Everything you need to know about statutes of limitation

Growing up on Long Island in the ’90s, Bridie Farrell seemed to her friends and teachers a typical, happy teenager—but there were two significant differences about Bridie. One, everyone knew about: she was a competitive speed skater, one whose athletic talent made her an Olympic hopeful. The other, only one other person knew about: at the age of 15, Bridie had been repeatedly molested by a 35-year old man who was her teammate and mentor.

Four years ago, Bridie went public with her secret and she sought justice. There was just one problem: New York state has one of the strictest statutes of limitation in the nation for child sex abuse cases. Victims must sue their alleged abuser by their 23rd birthday, and four years ago, Bridie, now a mother of five living in Massachusetts, was already in her 30s.

But statutes of limitation surprise many unsuspecting victims in a variety of cases, especially when it comes to workers compensation and other personal injury claims. 

So what is a statute of limitation?

A statute of limitation designates a specific time period after which charges cannot be made or lawsuits filed against individuals for different crimes. FindLaw defines statutes of limitation and their justification in this way:

“A statute of limitation is a law which forbids prosecutors from charging someone with a crime that was committed more than a specified number of years ago. The general purpose of statutes of limitation is to make sure convictions occur only upon evidence (physical or eyewitness) that has not deteriorated with time. After the period of the statute has run, the criminal is essentially free.”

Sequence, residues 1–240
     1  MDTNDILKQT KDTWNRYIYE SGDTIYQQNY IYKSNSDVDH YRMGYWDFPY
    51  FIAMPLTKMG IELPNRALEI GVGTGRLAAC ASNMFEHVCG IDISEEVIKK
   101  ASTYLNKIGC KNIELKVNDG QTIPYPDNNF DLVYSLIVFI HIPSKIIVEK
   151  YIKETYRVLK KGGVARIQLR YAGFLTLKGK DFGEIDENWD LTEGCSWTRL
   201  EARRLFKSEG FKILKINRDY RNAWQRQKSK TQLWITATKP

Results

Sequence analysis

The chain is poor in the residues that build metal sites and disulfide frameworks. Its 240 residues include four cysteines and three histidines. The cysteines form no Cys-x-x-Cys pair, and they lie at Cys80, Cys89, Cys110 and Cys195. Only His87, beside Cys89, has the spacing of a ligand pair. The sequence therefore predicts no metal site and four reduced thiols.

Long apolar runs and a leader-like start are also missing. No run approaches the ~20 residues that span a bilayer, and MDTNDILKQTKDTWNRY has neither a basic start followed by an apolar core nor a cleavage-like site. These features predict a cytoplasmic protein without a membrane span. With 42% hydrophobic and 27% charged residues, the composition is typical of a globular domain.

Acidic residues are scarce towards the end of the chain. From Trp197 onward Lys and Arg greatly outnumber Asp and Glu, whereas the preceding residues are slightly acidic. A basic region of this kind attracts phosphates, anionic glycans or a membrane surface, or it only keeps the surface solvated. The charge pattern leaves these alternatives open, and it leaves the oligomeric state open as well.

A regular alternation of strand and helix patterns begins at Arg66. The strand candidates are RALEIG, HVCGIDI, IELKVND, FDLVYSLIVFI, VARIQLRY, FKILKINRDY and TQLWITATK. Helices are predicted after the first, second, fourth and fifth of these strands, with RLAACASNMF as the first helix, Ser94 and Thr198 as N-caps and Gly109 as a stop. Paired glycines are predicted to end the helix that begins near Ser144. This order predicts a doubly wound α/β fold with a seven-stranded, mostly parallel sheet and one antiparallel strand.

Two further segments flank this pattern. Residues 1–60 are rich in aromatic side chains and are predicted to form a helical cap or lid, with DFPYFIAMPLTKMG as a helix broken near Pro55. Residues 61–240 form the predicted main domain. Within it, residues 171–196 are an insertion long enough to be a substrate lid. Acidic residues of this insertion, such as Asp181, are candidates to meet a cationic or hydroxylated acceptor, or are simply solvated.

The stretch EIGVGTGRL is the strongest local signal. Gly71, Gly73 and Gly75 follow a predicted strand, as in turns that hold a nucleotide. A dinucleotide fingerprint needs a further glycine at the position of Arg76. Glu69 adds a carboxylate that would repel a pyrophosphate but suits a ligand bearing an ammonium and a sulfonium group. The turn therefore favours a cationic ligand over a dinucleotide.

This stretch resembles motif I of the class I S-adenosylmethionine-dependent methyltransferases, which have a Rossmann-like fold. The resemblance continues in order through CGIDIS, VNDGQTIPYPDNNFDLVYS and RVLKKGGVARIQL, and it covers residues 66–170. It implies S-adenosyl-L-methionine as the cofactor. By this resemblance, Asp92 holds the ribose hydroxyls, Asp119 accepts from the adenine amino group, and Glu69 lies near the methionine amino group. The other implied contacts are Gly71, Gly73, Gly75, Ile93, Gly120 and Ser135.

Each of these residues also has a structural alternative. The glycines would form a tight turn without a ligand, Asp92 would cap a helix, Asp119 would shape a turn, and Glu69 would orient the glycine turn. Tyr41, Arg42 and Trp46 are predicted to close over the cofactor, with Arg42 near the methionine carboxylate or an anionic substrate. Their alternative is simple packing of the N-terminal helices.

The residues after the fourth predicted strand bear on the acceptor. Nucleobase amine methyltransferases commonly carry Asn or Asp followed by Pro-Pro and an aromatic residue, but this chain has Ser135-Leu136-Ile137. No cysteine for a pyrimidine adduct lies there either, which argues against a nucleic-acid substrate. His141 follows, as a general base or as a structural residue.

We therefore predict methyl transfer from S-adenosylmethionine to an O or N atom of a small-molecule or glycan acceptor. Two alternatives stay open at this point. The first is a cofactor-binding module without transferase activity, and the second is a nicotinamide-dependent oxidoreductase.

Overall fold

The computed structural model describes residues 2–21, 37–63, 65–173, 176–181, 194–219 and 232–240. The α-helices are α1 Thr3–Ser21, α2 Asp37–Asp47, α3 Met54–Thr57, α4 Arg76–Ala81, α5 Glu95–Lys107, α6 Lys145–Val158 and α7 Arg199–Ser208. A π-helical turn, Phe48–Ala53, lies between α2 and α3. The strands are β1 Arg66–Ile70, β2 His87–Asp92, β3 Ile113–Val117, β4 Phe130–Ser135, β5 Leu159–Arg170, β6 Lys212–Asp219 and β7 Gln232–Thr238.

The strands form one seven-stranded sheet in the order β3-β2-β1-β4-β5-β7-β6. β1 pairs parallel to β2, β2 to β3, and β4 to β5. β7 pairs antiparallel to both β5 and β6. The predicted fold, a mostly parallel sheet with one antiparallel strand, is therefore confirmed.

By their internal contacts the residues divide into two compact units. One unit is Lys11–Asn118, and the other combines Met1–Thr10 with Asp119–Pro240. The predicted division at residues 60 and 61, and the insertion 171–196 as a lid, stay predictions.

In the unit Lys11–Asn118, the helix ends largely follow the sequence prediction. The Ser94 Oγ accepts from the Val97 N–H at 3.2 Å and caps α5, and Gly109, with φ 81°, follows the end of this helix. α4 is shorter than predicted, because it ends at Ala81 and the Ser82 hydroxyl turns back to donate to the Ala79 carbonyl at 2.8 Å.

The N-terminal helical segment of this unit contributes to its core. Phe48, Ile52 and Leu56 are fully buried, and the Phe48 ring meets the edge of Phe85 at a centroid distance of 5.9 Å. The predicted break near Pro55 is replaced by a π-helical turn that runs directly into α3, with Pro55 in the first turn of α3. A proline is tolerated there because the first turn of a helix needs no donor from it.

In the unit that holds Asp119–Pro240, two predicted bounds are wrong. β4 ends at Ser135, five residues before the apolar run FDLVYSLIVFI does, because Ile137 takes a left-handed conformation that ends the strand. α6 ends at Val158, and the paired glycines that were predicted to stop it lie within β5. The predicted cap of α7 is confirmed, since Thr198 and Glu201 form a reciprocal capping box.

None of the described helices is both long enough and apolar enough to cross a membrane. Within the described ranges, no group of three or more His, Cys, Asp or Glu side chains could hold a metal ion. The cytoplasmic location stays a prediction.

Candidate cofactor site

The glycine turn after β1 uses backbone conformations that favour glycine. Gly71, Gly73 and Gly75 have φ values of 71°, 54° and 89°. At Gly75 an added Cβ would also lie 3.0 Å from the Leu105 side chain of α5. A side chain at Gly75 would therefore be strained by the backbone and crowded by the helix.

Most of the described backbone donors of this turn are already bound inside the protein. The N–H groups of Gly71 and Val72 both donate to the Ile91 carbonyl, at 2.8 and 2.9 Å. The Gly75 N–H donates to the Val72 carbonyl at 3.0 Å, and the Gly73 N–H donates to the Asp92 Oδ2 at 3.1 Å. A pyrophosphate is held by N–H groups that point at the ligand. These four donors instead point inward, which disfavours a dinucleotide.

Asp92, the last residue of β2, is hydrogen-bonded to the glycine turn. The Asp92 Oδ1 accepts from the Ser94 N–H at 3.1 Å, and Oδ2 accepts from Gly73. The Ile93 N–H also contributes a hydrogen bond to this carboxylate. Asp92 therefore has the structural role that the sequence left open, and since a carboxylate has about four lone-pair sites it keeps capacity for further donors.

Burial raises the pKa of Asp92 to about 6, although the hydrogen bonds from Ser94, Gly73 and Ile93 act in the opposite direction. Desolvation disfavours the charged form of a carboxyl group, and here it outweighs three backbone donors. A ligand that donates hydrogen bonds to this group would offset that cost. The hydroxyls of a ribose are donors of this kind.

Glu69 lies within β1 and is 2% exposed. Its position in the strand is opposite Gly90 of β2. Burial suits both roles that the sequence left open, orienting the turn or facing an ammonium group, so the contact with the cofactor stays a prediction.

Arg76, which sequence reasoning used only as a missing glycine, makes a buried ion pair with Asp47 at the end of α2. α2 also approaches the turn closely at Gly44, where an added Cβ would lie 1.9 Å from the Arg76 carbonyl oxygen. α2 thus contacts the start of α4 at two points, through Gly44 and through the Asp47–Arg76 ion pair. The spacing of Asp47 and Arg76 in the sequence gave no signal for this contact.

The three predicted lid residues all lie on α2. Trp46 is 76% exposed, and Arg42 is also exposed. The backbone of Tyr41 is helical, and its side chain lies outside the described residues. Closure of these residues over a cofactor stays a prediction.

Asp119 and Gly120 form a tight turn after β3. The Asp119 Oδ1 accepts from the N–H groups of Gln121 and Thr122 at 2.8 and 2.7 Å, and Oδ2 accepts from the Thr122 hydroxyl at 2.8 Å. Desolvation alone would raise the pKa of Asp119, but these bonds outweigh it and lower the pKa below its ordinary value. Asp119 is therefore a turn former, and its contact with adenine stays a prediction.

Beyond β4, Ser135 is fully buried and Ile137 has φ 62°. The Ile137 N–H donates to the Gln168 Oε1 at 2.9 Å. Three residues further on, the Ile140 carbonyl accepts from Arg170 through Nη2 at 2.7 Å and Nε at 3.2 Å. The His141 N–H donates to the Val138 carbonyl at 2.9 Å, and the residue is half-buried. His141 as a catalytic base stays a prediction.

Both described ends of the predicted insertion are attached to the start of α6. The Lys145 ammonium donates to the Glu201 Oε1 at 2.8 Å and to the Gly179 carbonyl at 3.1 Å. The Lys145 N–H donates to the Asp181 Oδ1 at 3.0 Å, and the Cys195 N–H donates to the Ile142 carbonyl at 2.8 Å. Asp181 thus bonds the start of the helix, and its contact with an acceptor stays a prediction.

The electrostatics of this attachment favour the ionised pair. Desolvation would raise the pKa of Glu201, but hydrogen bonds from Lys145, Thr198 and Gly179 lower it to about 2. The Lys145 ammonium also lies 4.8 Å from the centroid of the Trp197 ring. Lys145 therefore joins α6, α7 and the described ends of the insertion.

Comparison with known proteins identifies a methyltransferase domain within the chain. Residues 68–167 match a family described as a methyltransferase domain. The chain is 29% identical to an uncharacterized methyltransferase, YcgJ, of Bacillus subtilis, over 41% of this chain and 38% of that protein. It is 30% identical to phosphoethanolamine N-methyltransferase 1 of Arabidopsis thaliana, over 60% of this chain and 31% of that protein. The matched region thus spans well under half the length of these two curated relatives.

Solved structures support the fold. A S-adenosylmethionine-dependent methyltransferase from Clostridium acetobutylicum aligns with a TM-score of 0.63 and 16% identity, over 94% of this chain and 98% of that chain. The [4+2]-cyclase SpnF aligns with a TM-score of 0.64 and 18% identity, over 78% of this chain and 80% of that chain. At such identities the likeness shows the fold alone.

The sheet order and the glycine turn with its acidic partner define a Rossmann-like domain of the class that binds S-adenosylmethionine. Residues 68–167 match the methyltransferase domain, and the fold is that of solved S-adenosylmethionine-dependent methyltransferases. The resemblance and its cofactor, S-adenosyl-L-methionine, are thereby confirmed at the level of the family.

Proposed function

Are there exceptions?

Statutes of limitation do not apply to some crimes, though this varies widely be state. For example, there is no statute of limitation for murder in any state. In some states, there is no statute of limitation for other crimes, including kidnapping, arson, forgery, certain crimes of violence and sex offenses involving minors.

In California and Arizona, no statute of limitation applies to cases involving public money or public records. In Missouri, there is no statute of limitation for any crimes classified as “Class A felonies” — this includes, in addition to murder, first-degree kidnapping, certain drug crimes and more.

For criminal cases in Tennessee, there is no statute of limitation for any crime which is punishable by death or life imprisonment. Class A felonies carry a 15-year statute of limitation, while for Class B felonies, it’s eight years, for Class C or D felonies, four years, and for other crimes, three years.

The statute of limitations in personal injury cases also differs by state. In some states, for example, you have up to six years from the date of your accident to file a lawsuit. In other states, the statute of limitations in personal injury cases is three years, and some states (including Tennessee) give you just one year from the date of your accident to file your lawsuit.

Can a statute of limitation be extended?

In most states, you can extend a statute of limitation based on the so-called “discovery rule.” For example, if you suffered a personal injury but didn’t know either that you were injured, or that the potential defendant’s actions were the cause of your injury, the time limitation written into the statute does not include the time you were unaware of those facts.

For example, if you were exposed to asbestos in your home or workplace, you might not know you were injured until your doctor discovers you have lung cancer 15 years later. If you live in a state with the discovery rule, you could still file a lawsuit long after the statute of limitations has expired.

Why you need a competent personal injury attorney

Getting justice when you’ve been the victim of personal injury is not a do-it-yourself project. The laws governing personal injury are complex and change frequently. If you’ve been the victim of a personal injury, you need to hire an experienced personal injury attorney.

At Dreaden & Cox Attorneys at Law, we know personal injury law and will devote our combined 60 years of legal experience to understand your situation and get you the justice you deserve. To learn more about the ways we can help, or to schedule a consultation, contact us today.